The world undoubtedly gives us some great messages. But from the perspective of John’s gospel, it also gives us a whole bunch of skewed messages. It entices us to worship other gods. And we are so often tempted to put our eggs in those lesser baskets. When the gospel of John pits Jesus against what he calls “the world” (18:36), he’s not saying that human life and the stuff of daily living are evil. He’s merely saying that there are forces afoot that have their own power and that undermine the beauty and the gift of what God provides.
The world, for example, encourages a kind of self-centeredness. It entices us to take what we think of as ours. It lures us into believing that we’re entitled to various prizes and rewards. I need to “get mine,” we think, because no one else is going to give it to me.
Enthroning Christ entails an entirely different mindset. It says real life isn’t about accumulating power and position and things. Kristi Horner, who delivered a Faith Witness earlier, sends out a weekly email about life. Appropriately, during this Thanksgiving week, she wrote on Wednesday about gratitude. She observes that “people who consciously count their blessings tend to be happier and less depressed.” She says, “Gratitude unshackles us from toxic emotions”; it “has lasting effects on the brain.” And we might add: it enthrones and worships Jesus.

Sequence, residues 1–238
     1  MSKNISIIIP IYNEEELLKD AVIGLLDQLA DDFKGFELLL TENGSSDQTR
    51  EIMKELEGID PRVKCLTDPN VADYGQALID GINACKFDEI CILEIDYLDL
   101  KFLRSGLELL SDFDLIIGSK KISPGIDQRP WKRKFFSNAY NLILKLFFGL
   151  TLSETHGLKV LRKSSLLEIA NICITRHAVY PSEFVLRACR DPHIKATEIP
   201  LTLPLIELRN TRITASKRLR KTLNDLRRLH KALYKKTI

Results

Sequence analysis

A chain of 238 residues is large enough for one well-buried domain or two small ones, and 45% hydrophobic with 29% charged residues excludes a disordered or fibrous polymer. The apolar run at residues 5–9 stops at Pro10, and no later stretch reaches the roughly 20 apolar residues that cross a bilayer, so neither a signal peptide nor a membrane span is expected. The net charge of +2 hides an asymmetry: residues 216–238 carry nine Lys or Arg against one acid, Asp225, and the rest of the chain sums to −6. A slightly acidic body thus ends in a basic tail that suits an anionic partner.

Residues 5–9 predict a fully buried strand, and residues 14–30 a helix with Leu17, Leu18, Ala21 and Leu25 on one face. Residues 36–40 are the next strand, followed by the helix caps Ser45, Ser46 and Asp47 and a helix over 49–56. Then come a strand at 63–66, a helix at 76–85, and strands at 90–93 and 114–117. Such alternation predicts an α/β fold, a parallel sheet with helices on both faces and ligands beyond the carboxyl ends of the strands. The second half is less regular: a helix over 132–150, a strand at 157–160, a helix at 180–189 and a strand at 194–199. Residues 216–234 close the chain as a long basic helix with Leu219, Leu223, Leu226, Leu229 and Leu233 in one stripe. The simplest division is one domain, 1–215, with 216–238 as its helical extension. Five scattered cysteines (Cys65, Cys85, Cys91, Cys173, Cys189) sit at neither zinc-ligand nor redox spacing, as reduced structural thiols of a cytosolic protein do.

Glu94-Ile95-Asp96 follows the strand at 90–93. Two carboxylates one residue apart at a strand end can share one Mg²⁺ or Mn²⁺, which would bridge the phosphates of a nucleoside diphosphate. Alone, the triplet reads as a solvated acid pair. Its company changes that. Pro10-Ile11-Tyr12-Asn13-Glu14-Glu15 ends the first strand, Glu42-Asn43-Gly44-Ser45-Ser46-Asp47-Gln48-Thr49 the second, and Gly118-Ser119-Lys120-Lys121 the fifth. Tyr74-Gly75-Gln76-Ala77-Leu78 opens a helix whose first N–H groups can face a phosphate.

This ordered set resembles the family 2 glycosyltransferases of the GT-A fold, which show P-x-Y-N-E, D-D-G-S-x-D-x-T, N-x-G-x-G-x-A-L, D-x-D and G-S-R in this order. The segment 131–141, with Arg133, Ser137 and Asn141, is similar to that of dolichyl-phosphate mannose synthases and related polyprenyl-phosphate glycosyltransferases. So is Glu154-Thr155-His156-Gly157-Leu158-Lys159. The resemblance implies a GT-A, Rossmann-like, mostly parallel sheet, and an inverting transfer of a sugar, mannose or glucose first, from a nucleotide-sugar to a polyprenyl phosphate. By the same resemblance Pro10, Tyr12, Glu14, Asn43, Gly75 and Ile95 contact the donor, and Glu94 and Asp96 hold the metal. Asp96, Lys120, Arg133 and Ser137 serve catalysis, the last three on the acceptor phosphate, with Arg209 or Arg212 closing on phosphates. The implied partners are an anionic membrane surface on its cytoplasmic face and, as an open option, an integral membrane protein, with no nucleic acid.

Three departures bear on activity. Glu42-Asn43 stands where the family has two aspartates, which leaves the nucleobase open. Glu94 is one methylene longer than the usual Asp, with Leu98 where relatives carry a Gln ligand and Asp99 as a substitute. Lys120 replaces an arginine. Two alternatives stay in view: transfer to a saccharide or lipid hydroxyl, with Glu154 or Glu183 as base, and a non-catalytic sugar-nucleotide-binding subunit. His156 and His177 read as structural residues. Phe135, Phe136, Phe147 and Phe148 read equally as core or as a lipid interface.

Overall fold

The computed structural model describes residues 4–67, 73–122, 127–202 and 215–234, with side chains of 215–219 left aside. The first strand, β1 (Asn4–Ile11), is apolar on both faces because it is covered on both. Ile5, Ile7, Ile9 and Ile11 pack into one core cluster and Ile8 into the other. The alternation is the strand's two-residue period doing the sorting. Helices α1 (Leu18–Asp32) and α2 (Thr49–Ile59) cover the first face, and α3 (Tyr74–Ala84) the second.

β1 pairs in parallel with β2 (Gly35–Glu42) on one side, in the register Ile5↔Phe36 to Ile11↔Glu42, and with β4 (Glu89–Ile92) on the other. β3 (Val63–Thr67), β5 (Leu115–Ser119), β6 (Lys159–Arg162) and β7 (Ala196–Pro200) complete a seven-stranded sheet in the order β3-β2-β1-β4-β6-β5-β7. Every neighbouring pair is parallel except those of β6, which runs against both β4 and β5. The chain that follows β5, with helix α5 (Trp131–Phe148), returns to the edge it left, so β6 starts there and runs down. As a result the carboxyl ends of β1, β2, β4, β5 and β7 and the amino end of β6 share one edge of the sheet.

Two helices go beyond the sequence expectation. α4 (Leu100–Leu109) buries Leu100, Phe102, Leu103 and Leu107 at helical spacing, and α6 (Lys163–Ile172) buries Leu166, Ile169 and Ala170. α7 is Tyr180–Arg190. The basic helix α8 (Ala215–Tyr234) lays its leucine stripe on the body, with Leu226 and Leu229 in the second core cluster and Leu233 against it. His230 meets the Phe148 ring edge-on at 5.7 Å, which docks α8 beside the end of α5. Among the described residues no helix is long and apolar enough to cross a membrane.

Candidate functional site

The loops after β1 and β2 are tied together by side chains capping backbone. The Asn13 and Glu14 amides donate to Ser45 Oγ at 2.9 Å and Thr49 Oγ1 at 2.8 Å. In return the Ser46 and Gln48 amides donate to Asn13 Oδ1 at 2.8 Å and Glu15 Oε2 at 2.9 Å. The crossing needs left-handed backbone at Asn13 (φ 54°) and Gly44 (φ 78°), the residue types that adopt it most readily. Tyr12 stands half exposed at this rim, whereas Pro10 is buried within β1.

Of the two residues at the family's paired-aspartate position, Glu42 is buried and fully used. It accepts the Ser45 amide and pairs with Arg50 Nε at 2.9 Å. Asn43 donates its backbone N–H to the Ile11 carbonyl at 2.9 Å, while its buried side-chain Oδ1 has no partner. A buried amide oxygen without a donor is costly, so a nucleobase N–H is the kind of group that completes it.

And then she gives two simple and striking examples of ways we might give thanks even when we don’t feel like it, even when it seems totally counterintuitive. She says, “I’m thankful for the rain. Without the rain, there would be no rainbows, no waterfalls, no growth in our gardens . . . no life at all.” While it may seem unpleasant, rain is an enormous gift.
Her second example may seem even more counterintuitive: “I’m grateful for PAIN.” Because, she says, “I realize that life’s most painful moments have also brought some of my greatest growth opportunities. These include closer relationships, more connected families, deeper faith, stronger coping, less judging, greater compassion, improved (real) listening and more complete understanding. . .. I celebrate my messy, imperfect, sometimes dark and dreary pain. For each of these moments afford me the opportunity to be a better version of myself” (Courage to Caregivers email, Nov. 21, 2018). To do this, though—to give thanks in suffering, when all we may feel like is complaining—we’re asked to put the way of Jesus, a way of depth and grace, first in all things.
So gratitude is a way of enthroning Jesus. Here’s another way. When Omid Safi, the director of Duke University’s Islamic Studies Center, was a teenager, he developed a rare disease. In mere seconds, the threat to his life was severe. His father, a doctor, rushed him to the hospital. And not knowing whether Omid would live or die, Omid’s father asked his son what he would like to do if he only had two hours to live.